Organize WordPress Posts With Custom Fields

Have you ever wanted more control over how posts are categorized in WordPress? We did a project recently where the client wanted a WordPress story authoring site. He wanted to use normal categories for genres such as horror, sci-fi, etc. But he also needed to sort them by storylines because the premise for the site was to have several possible storylines all stemming from the same first chapter but with different chapters after. This means there is actually several separate stories with only the same first chapter in common. For this to work, we needed to be able to call up posts by two categories (genre & storyline) instead of one category as WordPress allows by default. Learn how we did this by reading this tutorial which demonstrates how to use custom fields and how to create customized WordPress pages.

Creating a Custom Field

Custom fields are easy to use and have a wide variety of different uses. If you are using WordPress version 3.3.1 or higher, your custom fields are no longer displayed by default in WordPress. All you need to do to activate them is to click on “Screen options” in the upper right corner of the “add post” page and check the box before “allow custom fields”. Then there will be a custom field option box under the main text editor.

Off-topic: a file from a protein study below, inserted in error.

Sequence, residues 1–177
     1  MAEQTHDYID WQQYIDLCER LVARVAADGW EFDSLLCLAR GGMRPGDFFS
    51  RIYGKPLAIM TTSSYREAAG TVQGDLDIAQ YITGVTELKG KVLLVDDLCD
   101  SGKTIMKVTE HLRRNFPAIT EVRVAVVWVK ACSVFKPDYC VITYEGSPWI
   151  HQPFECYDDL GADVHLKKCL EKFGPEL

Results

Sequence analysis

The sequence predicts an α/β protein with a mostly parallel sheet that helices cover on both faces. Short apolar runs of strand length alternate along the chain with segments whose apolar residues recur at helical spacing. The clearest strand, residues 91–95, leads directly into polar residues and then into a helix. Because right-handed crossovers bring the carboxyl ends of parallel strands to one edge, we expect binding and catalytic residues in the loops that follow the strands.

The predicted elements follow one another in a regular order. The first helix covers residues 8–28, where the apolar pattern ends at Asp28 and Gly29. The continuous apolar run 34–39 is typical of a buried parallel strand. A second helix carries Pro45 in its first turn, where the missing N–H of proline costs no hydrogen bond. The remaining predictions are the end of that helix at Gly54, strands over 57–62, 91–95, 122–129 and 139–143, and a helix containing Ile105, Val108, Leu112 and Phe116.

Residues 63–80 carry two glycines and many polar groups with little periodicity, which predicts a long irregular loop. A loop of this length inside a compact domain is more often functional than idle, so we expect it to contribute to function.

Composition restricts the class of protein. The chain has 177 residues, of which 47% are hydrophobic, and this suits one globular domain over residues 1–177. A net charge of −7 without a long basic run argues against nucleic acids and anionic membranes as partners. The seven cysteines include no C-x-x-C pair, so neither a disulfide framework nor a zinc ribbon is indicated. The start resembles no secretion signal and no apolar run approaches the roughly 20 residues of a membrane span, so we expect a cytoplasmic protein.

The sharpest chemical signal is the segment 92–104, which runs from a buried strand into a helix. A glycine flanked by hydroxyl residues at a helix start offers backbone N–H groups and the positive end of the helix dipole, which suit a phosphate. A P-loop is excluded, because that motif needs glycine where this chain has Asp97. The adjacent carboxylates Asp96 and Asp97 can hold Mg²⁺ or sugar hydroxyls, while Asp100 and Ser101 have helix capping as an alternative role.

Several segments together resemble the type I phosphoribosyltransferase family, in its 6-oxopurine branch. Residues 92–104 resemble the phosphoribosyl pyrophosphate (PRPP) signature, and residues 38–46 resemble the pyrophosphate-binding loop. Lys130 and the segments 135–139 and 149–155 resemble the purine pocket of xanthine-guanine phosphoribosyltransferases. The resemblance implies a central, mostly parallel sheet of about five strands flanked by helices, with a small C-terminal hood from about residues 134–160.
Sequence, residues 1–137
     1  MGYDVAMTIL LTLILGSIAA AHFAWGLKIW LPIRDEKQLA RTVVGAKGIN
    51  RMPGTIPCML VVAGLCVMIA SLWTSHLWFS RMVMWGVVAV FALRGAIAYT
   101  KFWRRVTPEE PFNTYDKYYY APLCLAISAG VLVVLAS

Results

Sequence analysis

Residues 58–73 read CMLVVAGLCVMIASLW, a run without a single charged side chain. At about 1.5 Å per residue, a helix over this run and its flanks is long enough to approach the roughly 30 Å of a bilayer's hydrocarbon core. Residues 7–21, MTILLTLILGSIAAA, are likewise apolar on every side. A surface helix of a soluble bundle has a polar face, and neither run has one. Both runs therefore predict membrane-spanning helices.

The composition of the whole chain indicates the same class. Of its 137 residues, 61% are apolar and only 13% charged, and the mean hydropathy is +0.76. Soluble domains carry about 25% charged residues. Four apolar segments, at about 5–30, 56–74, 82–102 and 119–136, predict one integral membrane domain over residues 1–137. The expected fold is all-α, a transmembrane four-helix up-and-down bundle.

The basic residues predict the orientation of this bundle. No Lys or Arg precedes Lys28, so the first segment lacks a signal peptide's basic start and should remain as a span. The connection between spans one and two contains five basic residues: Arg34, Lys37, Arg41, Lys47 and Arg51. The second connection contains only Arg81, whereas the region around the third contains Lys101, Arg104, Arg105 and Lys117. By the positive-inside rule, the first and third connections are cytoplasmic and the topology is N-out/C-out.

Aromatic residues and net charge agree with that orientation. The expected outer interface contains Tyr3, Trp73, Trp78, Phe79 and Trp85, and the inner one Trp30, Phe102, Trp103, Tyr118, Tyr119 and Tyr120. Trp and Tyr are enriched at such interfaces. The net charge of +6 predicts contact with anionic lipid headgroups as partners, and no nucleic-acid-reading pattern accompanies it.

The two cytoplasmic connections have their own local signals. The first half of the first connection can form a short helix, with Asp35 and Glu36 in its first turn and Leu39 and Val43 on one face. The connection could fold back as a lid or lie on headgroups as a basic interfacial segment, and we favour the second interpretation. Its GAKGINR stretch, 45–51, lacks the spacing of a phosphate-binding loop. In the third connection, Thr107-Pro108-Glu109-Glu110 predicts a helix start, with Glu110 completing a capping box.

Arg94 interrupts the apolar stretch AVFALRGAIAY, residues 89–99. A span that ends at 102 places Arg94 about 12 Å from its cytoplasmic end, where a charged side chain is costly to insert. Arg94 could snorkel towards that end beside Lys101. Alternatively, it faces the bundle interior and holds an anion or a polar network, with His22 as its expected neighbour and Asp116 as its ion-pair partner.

What is a custom field?

Custom fields consist of a name/value pair A.K.A. key/value pair. Generally you use the name or key like a database field name so you have one name and several values for it(for different posts). The value field would be like the data stored under the field name. For our story authoring site, we named our custom field “storyline” and it is used to specify the story name that the chapter or post(same thing) is being written for. There are many other uses for custom fields, but for this tutorial we will concentrate on this one common use.

Example Case

Imagine you have a WordPress blog about games and you wanted to categorize the posts according to the skill levels of the games in posts. The only problem is that you also want to categorize the posts according to the game type. You used the main category functionality in WordPress to determine the type of game the post is about. Now you need to create a custom field to make the other category work. You could simply use the custom field named “skill” and give it a value of easy, intermediate or difficult. That would allow us to easily pull up and display all of the posts according to the skill custom field. Can you see how it would be a huge convenience to be able to categorize posts in more than one way?

Learning Exercise